Ryou Matsumoto is a screenplay writer that runs into a man and witnesses his murder. Unknown to him, he gets caught up in an illegal antique ring along with a girl he meets named Yuki. In order to survive, he ends up acting out the "action hero" role that he writes in his screenplays.
Based on a story by Kazunori Ito (the scriptwriter for Ghost in the Shell & Patlabor movies), Urban Square: Chasing Amber is a very unusual OVA as it can be perceived in two different ways, and the way you choose pretty much determines whether you'll like it or not.
Essentially, it's a classic detective story where the main character witnesses a murder and gets into trouble with the mafia; eventually, he ends up an action hero, fighting the criminals and protecting the girl he likes. Not only the plot is rather simple in general, but it also contains quite a lot of cliches typical for this
kind of stories.
However, if you look at the story from a different angle, all those cliches were initially supposed to be there. You see, the main character is a scriptwriter who factually ends up a protagonist of his screenplays, and that makes the OVA a witty parody on detective stories which may be shortly described as "B-movie coming to real life". Although the show never openly admits its parody nature it gives plenty of hints throughout the story: for example, when the protagonist and his future girlfriend meet for the second time, she wonders how two complete strangers have met twice in two consecutive days, and he replies: "That's why fiction can't win against reality. In reality, coincidences are allowed, but in fiction, coincidences are ridiculed". By doing that, the anime elegantly mocks its own narrative and performs the parody in a more subtle & intelligent way than many other shows of this kind.
So, the story is good and well-written for what it is, providing an enjoyable watch if you keep in mind its actual purpose and don't take it too seriously.
The OVA clearly reveals its age: not only it features classic 80's character designs but also some minor age issues here and there. On the other hand, the animation displays very nice fluency of motion that makes the action quite enjoyable; also, the movie is depicted in eye-appealing dark blue tones that add a subtle noir feeling to the show. So, the OVA looks pretty good despite some age imperfections it has.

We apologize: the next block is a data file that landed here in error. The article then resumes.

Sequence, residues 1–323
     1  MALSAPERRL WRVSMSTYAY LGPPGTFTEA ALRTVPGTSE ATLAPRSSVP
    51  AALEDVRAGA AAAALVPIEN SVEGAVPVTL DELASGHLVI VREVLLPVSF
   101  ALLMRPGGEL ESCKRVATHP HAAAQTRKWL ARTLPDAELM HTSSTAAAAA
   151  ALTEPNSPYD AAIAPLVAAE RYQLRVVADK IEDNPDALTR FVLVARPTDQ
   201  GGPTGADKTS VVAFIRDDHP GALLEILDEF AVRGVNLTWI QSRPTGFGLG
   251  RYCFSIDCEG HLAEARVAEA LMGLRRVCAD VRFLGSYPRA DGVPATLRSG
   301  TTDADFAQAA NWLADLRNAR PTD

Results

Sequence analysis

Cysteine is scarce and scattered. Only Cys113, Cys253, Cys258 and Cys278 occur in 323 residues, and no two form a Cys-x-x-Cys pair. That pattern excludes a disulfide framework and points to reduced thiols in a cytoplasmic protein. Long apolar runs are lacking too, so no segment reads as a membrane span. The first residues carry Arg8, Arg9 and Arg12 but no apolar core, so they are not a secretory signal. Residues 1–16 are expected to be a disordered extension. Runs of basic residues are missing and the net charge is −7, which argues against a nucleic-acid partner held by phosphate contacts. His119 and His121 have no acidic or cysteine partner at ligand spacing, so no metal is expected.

Performed by a band called Chickenshack, the soundtrack is an elegant jazz mix of piano, sax, drums, funky guitar and slap bass. In general, the OST is unmemorable because it doesn't contain any songs or even a main theme; yet it suits the OVA extremely well as background music. The voice-acting & sound effects (gunshots, explosions etc.) are also well-done and fitting.
The characters have simple personalities, and some of them are straightforward action/mystery movie stereotypes, so don't expect much depth or development here. However, it doesn't become a serious problem because they were supposed to be like that anyway (it's a parody, remember?), and thus they're still fine for this kind of show. Besides, the protagonist, his girlfriend and the detective who helps them are all quite likeable.
If you want a witty parody on mysteries or just some quick 80's fun with good visuals & soundtrack, this OVA will be a nice choice for you.
However, if you need a clever & intricate detective story, this show is a wrong place to look for it. Perhaps, you should try something like Ghost in the Shell: Stand Alone Complex or the first Patlabor movie, as those two feature the best detective plots I've seen in any anime.
A fair-to-middlin' OVA action/murder/mystery from the eighties.
From a time when practically every other anime movie or OVA featured characters with mysterious extra-sensory powers, it's actually refreshing to come across a story that features REAL people behaving in REAL situations, doing REAL things. Well, the story does get a little over the top at times, but what I mean is there's nothing supernatural in this story. A rarity in eighties OVAs!
Granted, the plot of the story is a little far-fetched, as a mild-mannered writer gets unwittingly involved in a murder mystery, faces off against a honest-to-god
Bruce Lee karate guy in his apartment, hard-boiled detectives, hanging from a helicopter by one leg, and, well, you get the picture. No more ridiculous than, say, Die Hard. This short story is definitely not lacking in money-shots.
That being said, there is an actual plot and an actual resolution, regardless of some of the implausible twists and turns along the way. And the artwork is, well, pretty decent. As is the animation. Although it pales in comparison to another similar OVA, Hello Hedgehog -- Urban Square ain't so bad by itself.